Social Thresholds and their Translation into Social-ecological Management Practices
Lisa Christensen, Yukon College
Naomi Krogman, University of Alberta
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The objective of this paper is to provide a preliminary discussion of how to improve our conceptualization of social thresholds using (1) a more sociological analysis of social resilience, and (2) results from research carried out in collaboration with the Champagne and Aishihik First Nations of the Yukon Territory, Canada. Our sociological analysis of the concept of resilience begins with a review of the literature followed by placement of the concept in the domain of sociological theory to gain insight into its strengths and limitations. A new notion of social thresholds is proposed and case study research discussed to support the proposition. Our findings suggest that rather than view social thresholds as breakpoints between two regimes, as thresholds are typically conceived in the resilience literature, that they be viewed in terms of collectively recognized points that signify new experiences. Some examples of thresholds identified in our case study include power in decision making, level of healing from historical events, and a preference for small-scale development over large capital intensive projects.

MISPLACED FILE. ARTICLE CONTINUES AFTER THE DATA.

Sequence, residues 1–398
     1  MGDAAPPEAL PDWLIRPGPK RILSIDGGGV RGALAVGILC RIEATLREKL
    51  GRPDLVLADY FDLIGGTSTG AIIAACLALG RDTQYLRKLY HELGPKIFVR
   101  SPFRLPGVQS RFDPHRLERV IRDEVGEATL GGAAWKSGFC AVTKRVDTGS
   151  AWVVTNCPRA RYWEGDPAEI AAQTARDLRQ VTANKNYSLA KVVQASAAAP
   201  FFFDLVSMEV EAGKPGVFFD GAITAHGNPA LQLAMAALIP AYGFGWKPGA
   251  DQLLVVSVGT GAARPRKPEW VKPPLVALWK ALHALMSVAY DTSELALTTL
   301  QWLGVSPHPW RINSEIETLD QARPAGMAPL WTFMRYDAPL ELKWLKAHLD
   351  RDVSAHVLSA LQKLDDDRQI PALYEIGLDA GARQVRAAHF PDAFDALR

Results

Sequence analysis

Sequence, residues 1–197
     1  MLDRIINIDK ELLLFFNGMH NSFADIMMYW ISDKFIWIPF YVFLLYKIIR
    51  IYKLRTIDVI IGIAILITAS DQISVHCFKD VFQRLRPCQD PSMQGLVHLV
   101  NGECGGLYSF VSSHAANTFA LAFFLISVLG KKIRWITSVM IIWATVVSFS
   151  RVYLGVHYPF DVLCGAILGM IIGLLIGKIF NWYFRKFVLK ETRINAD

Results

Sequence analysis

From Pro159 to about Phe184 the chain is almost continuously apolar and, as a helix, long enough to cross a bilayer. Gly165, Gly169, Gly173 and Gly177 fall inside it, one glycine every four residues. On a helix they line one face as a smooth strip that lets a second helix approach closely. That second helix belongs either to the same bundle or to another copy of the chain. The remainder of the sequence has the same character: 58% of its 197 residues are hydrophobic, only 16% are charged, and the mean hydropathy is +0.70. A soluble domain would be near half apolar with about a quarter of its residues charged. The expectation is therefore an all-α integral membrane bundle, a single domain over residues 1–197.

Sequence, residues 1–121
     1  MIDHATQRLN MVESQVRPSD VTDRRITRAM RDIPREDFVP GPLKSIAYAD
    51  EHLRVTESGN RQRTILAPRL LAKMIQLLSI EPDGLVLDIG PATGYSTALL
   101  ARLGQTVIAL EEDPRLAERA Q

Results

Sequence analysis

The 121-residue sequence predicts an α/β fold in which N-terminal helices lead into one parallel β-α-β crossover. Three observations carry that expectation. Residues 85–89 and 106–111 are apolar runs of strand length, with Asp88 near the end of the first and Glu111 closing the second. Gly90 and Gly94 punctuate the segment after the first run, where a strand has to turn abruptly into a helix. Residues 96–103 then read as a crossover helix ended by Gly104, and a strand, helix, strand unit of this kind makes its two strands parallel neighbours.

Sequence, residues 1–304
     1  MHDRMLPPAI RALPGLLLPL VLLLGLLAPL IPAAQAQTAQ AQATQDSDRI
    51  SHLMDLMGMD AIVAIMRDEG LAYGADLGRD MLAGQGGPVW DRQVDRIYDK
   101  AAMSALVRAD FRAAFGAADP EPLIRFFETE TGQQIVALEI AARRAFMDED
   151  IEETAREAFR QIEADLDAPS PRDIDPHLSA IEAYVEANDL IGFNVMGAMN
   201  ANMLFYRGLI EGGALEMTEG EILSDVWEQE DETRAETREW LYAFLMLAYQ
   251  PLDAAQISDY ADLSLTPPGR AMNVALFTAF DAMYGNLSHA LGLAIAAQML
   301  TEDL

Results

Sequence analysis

functionalism; social-ecological resilience; thresholds; Yukon Territory